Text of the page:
Did Wal-Mart Have a Brain Seizure and Go All HP on Its Stockholders?

Could it really be that one of the world’s most scrutinized – and criticized – companies copied the tragi-comic escapades that earned Hewlett-Packard 2006 “PR Disaster of the Year” dishonors?

The Wall Street Journal reported earlier this month that New York City comptroller William Thompson has sent letters to the U.S. Attorney General’s office and the SEC asking for an investigation into Wal-Mart’s allegedly “ill-considered and possibly illegal surveillance operations.” Reports of “chilling and truly outrageous surveillance activities,” Thompson says, include spying on stockholders who have submitted contentious proposals for consideration at Wal-Mart’s annual shareholder meeting in June.

Did some senior-level exec at Wal-Mart lose all grip with reputational reality and begin channeling Patricia Dunn, or was this ill-conceived idea never seriously considered?

Wal-Mart says the idea of spying was raised in a memo but never acted upon.

In a letter to shareholders, Wal-Mart’s top legal adviser, Tom Hyde, denied that the company had initiated an intrusive "threat assessment" of shareholders who submitted proxy statement proposals, writing:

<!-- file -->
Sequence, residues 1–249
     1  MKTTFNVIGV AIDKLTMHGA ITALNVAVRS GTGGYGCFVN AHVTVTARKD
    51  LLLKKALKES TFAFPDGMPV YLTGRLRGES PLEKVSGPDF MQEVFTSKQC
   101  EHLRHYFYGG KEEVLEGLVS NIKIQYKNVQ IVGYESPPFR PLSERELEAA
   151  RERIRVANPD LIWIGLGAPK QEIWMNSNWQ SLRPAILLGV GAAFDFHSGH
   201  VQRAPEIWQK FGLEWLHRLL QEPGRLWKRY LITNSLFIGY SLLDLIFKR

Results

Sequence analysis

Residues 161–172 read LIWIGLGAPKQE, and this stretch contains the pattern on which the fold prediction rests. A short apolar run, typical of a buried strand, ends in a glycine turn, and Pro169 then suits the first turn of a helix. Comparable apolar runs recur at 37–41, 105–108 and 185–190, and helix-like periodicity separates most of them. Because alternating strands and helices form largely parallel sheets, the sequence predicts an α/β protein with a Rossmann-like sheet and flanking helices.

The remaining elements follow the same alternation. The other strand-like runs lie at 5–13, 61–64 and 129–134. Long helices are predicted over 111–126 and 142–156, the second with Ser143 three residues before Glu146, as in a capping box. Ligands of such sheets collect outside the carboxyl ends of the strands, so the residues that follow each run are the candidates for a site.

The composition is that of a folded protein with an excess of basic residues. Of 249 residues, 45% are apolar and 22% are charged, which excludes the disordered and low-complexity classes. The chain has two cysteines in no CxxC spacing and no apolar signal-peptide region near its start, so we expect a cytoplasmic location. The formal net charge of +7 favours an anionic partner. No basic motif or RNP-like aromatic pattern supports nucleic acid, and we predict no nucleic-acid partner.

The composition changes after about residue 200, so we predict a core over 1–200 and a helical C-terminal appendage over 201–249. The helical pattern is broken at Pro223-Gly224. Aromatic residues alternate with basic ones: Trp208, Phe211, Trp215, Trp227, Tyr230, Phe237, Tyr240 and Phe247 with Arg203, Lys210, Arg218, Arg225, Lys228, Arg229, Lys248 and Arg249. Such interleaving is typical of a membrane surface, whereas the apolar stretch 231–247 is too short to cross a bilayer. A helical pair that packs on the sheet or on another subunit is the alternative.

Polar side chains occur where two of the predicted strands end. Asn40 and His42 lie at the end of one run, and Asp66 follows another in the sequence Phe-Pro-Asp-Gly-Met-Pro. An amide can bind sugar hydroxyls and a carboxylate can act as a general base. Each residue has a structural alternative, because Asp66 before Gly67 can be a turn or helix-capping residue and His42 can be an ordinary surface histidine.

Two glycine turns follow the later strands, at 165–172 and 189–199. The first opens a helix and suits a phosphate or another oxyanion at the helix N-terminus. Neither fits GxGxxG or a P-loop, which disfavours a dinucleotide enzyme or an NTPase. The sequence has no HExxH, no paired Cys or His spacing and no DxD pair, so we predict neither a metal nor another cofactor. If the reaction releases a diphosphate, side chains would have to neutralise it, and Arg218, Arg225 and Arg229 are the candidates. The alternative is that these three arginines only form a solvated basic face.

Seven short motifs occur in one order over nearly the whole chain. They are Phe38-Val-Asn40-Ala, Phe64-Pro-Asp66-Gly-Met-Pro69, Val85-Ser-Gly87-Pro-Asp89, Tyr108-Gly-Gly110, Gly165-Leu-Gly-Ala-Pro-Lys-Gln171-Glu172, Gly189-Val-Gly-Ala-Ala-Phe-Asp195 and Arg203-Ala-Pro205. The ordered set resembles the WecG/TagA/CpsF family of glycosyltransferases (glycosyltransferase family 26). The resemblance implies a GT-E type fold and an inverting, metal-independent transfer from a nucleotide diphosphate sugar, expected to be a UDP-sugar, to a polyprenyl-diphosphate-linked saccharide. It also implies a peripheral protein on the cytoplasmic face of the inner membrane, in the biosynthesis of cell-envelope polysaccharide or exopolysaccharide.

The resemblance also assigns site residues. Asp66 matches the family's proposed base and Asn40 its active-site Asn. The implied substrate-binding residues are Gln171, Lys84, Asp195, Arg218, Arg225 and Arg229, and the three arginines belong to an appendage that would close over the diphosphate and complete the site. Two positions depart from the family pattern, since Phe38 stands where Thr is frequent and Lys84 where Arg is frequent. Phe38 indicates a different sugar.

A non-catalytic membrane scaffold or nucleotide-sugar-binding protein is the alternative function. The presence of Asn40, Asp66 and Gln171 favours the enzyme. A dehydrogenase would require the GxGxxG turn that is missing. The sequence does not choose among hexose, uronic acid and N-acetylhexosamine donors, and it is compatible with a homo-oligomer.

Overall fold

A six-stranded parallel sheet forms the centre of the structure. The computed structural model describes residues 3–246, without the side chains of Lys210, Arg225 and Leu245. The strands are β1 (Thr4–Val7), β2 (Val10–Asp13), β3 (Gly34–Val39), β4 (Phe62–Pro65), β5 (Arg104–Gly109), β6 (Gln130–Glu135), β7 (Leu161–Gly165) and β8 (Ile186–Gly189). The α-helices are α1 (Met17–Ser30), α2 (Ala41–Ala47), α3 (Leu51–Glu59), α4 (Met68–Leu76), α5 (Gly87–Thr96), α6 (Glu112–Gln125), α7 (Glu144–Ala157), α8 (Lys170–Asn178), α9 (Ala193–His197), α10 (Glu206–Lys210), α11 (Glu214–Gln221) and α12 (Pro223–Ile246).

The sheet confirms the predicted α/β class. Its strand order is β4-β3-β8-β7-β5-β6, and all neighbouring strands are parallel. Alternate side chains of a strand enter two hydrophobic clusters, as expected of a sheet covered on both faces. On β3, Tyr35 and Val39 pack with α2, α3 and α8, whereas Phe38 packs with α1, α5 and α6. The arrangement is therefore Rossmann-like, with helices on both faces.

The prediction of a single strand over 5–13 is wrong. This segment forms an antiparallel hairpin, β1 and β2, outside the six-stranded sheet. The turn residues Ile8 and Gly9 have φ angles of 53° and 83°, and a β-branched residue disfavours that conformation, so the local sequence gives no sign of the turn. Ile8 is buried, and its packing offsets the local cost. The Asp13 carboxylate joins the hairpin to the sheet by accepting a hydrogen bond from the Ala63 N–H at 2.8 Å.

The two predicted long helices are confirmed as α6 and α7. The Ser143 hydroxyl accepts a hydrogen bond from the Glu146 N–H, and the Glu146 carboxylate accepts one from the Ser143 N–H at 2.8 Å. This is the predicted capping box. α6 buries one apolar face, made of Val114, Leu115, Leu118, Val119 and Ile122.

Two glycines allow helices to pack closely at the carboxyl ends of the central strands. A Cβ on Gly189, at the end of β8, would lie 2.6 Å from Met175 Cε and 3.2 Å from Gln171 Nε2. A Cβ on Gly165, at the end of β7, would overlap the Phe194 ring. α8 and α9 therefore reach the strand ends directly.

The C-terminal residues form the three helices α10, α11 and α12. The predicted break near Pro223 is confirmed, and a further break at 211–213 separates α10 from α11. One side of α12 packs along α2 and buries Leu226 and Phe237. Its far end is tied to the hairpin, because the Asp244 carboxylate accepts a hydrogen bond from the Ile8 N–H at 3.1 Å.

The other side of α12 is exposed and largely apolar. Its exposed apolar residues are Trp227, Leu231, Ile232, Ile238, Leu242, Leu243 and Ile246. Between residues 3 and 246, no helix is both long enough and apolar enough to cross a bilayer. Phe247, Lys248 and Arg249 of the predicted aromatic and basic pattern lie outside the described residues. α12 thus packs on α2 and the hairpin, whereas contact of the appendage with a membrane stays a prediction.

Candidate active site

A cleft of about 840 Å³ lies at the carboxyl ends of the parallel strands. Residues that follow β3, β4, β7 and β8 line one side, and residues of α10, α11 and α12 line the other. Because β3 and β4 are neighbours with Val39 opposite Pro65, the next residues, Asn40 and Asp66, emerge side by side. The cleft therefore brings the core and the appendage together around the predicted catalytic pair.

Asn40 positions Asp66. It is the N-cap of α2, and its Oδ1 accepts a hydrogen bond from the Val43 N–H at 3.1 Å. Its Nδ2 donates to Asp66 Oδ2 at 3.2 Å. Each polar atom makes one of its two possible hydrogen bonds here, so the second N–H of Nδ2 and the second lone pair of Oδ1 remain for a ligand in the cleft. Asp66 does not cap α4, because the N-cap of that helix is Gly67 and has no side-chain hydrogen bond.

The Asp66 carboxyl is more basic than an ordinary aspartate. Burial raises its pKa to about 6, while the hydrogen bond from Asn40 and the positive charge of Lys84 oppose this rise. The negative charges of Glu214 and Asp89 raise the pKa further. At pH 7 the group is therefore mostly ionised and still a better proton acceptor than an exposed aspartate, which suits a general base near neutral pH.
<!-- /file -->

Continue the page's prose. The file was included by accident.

“In spite of a January 2007 memo referenced in the [WSJ] article, there were no inquiries made with respect to the proponents of shareholder proposals. Given the nature of the matters proposed and our familiarity with the individual proponents, the request contained in the memo was not acted upon.”

Note: Wal-Mart’s position on this issue is nowhere to be found on its website – only this lame non-statement.Walmart_facts_logo The excerpt of Hyde’s memo can be found on Wal-Mart Watch. I certainly would prefer to source from Wal-Mart directly but am hampered by the lack of transparency on its public website.

There will be no shortage of watchdog groups keeping the investigation under the hot spotlight of mass media and the blogosphere. No matter what explanation emerges, this story underscores the need for a Chief Reputation Officer at major corporations to steer executive decisions clear of reputational land mines.

- Jon Harmon

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